Commentary on "Guilt""
Day 3: Monday, January 24, 2011 - Joseph's Brothers' Distress
“Each corner of the triangle (God—Others—Me) needs to be worked out in order to bring a resolution to past wrongdoings.” (Teacher’s Quarterly, Page 56)
Just prior to this quotation the author introduces James 5:16 and 1 John 1:9 as key verses for dealing with guilt. These both are wonderful verses. I believe the author explains James accurately.
As with nearly all other denominations, the author gets 1 John 1:9 wrong. I justify my assertion in two ways. First, Thursday’s lesson talks about total forgiveness. Thursday’s lesson cannot be true if 1 John 1:9 is explained as it is in Monday’s lesson, and vice versa. (See my comments for Thursday)
Second, 1 John 1:9 itself, when taken in context, yields a very different conclusion. Here is the context:
This is the message we have heard from Him and announce to you, that God is Light, and in Him there is no darkness at all. If we say that we have fellowship with Him and yet walk in the darkness, we lie and do not practice the truth; but if we walk in the Light as He Himself is in the Light, we have fellowship with one another, and the blood of Jesus His Son cleanses us from all sin. If we say that we have no sin, we are deceiving ourselves and the truth is not in us. If we confess our sins, He is faithful and righteous to forgive us our sins and to cleanse us from all unrighteousness. If we say that we have not sinned, we make Him a liar and His word is not in us. (1 John 1:5-10 NASB)
Verse 9 is written to those who claim to be without sin (verses 8 and 10). Those who do so have neither the truth nor His word in them. In other words, they are lost. Verse 9 is not written to saved people. Verse 9 is an appeal to lost people to come to salvation by grace through faith.
2 John 1-2 proves this: “The elder to the chosen lady and her children, whom I love in truth; and not only I, but also all who know the truth, for the sake of the truth which abides in us and will be with us forever… (emphasis added).” You cannot be saved (having truth which abides in you and will be with you forever) and be lost (the truth is not in you) at the same time. It must be one or the other.
Notice also that confession does not equal “asking for forgiveness.” Confession simply means to agree with God concerning your sins. Forgiveness is not contingent upon asking; rather, forgiveness is offered by God as a gift. Whether the blessing of forgiveness is realized is contingent upon my accepting it.
Finally, note 1 John 2:12 – “I am writing to you, little children, because your sins have been forgiven you for His name’s sake.” Clearly, this passage is written to saved people, people whose sins have been (not will be) forgiven as a result of their accepting the gospel that saves – the death, burial and resurrection of Jesus (see 1 Corinthians 15).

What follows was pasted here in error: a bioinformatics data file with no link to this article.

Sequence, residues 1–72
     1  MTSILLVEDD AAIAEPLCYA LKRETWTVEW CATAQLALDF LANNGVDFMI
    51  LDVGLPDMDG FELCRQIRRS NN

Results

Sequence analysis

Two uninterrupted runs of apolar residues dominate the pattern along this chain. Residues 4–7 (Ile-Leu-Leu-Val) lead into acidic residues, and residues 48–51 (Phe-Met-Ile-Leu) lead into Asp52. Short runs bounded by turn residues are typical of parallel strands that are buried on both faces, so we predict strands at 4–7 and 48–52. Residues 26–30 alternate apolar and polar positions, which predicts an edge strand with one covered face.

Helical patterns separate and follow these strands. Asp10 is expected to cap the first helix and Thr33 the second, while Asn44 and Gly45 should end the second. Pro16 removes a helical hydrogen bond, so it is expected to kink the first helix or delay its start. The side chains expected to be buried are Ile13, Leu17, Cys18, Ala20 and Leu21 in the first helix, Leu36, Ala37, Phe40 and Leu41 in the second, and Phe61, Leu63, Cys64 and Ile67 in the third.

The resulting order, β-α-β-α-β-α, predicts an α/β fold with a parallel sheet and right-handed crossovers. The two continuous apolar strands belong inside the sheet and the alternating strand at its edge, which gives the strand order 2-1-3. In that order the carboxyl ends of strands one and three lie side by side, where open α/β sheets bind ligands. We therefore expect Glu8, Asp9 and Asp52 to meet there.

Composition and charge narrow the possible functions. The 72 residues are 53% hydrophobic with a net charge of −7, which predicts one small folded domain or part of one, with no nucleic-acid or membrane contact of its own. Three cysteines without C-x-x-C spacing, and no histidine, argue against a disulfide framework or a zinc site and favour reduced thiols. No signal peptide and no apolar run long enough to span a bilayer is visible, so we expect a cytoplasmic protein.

On the basis of these three passages, and many, many others throughout the New Testament, we can see that because of what Jesus accomplished on the cross and through His resurrection our sins no longer separate us from God. God is not sitting on a swivel chair in His heavenly office facing us when we please Him and turning away from us when we don’t. In fact, it is just the opposite. God constantly is initiating forgiveness and life to us, begging us to accept His offer of reconciliation.
To use 1 John 1:9 as the “Christian bar of soap” is, quite literally, to put God in my debt. He must forgive me. After all, I confessed, so He is required to respond to my initiative. To do this is to act as anti-Christ, the exact heresy John was combating in his letter.
Therefore, there is no triangle, as if God, others and I are equal. No. God initiates forgiveness to me. This is His demonstration of the reality of reconciliation. If I then allow His forgiveness to flow out from me to others then I am demonstrating that same reconciliation to them (see Ephesians 4:32). If I refuse to accept God’s offer, it is to my loss. If others refuse to accept my offer, it is to their loss. In both cases, God-giving-to-me or me-giving-to-others, forgiveness is not dependent upon a request for it. Forgiveness is a fact, not the result of begging and pleading.
This is completely consistent with Romans 8. Our feeling of guilt is the result of condemnation heaped on us by Satan and his demons. It has nothing to do with God’s view of us. When we realize that God is not condemning us, that He has declared us to be His children and fellow heirs with Jesus, the guilt is erased.
If we must ask for forgiveness in order to get forgiveness, then guilt is sure to follow. If by faith we accept the forgiveness offered, then guilt is overwhelmed by the grace that abounds towards us.
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